In fact, some argue that it could even harm performance and encourage injury, but either way there isn’t enough evidence to make a solid recommendation for everyone.
Is Running Twice A Day Bad?
The short answer is that running twice a day is not bad in itself if done correctly. If not done correctly, you can overexert yourself and increase the risk of injury and long-term damage to your body. The key aspect of getting this right is to allow for enough rest between your runs and to focus your training sessions differently, not just aiming to get as many miles as possible on each run.
For more tips about running twice a day and how you can balance your two daily runs for maximum performance (as well as some downsides), check out our article, here.
If you’re looking to increase your mileage, and that is your motivation for running twice a day, then it might actually be more beneficial for you to add an extra day of running in the week or to extend the mileage on your current training sessions. Particularly if you’re training for a marathon, building endurance is vital, so breaking up your long run isn’t ideal for your training.
Increasing your blood flow to active muscles and teaching your body to recover faster, as well as depleting your glycogen levels and burning fat faster, are two advantages of running doubles. (source) However, if you’re a beginner or intermediate runner, it can be less beneficial to improving your fitness than running fewer, longer runs and can be detrimental to your body If you don’t rest sufficiently between runs. (source)
Resting for six to eight hours between sessions, as well as properly taking a break on your off days, is very important.
Aside from being more time-consuming, running in the morning and the evening can build mental strength and take advantage of different parts of your circadian rhythm to improve your overall performance. Make sure that morning runs include a proper warm-up and that you eat enough to recover after each run to prevent injury and muscle loss with the increased runs.
How Long Should You Run For?
How far or how fast you run is totally a matter of personal preference and ability. You might be running to get some tone into your legs, or training for a marathon, or just to de-stress a few times a week. Whatever it is, there is no minimum or maximum number of miles that you should or shouldn’t be running. You know your body best and how much to push yourself.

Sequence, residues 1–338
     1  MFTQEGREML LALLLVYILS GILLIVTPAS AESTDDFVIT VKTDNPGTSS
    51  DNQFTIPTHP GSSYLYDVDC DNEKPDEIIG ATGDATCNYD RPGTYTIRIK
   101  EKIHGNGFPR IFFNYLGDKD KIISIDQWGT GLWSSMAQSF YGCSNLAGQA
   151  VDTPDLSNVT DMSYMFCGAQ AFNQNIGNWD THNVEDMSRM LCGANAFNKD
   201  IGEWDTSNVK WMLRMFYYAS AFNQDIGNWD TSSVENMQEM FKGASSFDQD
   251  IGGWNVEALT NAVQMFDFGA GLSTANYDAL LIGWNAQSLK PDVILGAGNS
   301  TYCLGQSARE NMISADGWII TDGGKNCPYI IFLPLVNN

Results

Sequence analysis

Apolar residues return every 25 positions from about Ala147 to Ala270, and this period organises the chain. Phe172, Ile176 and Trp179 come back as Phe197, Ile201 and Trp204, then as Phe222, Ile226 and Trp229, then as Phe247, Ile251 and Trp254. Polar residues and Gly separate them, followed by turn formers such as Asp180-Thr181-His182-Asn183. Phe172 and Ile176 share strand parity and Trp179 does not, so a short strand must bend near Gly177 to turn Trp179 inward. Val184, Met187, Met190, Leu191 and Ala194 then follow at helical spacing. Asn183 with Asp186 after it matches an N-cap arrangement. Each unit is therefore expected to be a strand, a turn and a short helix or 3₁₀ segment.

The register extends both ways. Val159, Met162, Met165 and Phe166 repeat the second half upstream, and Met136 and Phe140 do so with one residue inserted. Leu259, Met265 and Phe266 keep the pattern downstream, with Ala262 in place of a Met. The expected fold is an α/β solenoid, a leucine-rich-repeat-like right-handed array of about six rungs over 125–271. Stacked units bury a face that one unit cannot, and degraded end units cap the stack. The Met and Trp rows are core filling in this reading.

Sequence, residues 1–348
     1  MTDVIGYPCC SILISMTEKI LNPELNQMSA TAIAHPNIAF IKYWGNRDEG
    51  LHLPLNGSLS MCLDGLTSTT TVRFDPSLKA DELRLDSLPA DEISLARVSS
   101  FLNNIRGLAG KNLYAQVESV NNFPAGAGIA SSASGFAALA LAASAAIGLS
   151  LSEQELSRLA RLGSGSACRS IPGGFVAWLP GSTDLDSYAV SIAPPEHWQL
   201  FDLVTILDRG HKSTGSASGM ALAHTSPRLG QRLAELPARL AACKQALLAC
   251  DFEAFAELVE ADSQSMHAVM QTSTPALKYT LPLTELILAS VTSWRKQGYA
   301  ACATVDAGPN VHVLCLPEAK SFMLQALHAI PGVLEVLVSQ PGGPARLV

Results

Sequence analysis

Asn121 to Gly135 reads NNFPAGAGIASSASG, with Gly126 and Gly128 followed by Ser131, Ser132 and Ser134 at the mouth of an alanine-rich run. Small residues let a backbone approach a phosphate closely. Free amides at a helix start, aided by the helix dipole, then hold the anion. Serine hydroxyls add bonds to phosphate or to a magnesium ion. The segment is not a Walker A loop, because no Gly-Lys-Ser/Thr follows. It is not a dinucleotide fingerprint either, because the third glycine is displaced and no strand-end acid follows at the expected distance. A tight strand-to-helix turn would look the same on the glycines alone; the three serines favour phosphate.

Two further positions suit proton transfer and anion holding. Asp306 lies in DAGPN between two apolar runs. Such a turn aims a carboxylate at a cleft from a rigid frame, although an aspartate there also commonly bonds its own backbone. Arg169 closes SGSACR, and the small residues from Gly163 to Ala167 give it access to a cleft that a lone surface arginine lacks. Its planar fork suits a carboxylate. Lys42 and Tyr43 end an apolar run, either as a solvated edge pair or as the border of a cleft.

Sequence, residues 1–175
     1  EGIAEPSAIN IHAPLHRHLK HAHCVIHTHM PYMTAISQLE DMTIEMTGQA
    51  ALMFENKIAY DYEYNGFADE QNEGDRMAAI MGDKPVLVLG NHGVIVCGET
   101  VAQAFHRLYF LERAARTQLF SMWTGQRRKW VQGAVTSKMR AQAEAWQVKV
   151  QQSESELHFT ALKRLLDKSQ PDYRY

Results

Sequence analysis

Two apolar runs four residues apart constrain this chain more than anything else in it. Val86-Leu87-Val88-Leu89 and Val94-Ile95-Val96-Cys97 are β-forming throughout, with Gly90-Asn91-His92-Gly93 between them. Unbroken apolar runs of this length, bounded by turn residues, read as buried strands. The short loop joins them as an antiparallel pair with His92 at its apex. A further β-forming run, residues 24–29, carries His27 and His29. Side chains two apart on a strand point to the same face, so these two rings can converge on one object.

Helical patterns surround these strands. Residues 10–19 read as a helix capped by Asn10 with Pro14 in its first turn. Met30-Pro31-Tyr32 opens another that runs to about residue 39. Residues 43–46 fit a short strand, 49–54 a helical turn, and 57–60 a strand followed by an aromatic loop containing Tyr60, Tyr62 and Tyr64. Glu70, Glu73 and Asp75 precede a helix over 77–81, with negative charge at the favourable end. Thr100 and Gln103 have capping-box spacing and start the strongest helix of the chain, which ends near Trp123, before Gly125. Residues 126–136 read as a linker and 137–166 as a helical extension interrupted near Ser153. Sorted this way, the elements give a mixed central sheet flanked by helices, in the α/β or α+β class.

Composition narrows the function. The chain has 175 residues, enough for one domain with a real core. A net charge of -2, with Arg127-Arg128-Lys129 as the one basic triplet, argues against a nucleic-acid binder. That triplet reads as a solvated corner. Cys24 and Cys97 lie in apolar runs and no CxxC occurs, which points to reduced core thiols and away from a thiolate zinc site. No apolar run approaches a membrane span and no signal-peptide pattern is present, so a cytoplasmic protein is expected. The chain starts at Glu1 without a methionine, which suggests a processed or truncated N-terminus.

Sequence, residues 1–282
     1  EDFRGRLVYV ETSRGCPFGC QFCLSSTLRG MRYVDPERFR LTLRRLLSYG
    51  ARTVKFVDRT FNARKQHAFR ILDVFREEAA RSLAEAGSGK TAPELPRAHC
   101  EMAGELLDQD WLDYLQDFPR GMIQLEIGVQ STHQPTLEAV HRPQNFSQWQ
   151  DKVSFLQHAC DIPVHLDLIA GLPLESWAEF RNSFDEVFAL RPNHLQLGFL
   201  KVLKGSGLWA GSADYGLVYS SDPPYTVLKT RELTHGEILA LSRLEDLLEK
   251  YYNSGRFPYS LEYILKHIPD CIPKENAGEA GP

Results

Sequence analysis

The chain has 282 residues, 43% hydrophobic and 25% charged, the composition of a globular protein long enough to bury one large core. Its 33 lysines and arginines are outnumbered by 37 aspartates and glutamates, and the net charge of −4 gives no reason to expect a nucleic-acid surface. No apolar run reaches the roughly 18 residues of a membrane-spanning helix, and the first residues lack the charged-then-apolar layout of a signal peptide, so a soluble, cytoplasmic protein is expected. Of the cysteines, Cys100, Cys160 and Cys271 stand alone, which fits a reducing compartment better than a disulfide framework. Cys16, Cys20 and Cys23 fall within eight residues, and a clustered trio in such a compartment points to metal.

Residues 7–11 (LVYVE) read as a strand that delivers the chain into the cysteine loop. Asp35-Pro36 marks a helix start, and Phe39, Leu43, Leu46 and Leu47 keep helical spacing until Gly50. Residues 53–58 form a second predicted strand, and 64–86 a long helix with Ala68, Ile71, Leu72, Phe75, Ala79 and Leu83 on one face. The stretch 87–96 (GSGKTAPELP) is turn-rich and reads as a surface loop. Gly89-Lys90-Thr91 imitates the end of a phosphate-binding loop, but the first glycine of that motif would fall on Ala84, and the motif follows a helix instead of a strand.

If you are aiming to maintain a basic level of fitness, then 150 minutes of moderate exercise a week is advised. (heart.org) This could mean five thirty-minute runs a week or a fewer number of longer runs.
If you’re working towards a marathon or half marathon, which is distance-based, then you’ll want to aim for building up to within ten to twenty miles per week, depending on your goal. How long this takes you, or you end up running per week, is up to you and how hard you push yourself. Are you aiming to complete a race in a specific amount of time? Or just to finish it at all?
Check out our training plan for a half marathon, here for more specific weekly running goals so you can know how much to run per week.
For better levels of fitness, 300 minutes is suggested, which would mean an hour of exercise five times a week. However, note that these are just general guidelines, and this is moderate exercise. If you do intervals or push yourself hard during your runs, you can achieve similar levels of fitness in less time.
If you’re aiming for a certain distance or amount of time per week, it will likely be easier achieved if you include some variety in your training. This may be a combination of outdoor running and treadmill running, or it may be mixing it up with running both flats and hills, mixing up the terrain on which you’re running or running with a partner or in a group.
If you haven’t tried trail running, this is an excellent way to add variety (and even motivation) to your training. Check out our post about trail running vs. road running to see more details. This variety helps to make the miles go faster, helps you to enjoy running more, and makes time pass quicker. Listening to music or podcasts while you run can also help to keep you both motivated and entertained on your runs and help you to go further or faster.
Some inspiration from Livestrong in this section.
Can You Run On An Empty Stomach?
You can run on an empty stomach, as your body will use its own fat stores first to give you energy.
More specifically, your body can burn fat stores on an empty stomach after depleting the stored glycogen levels.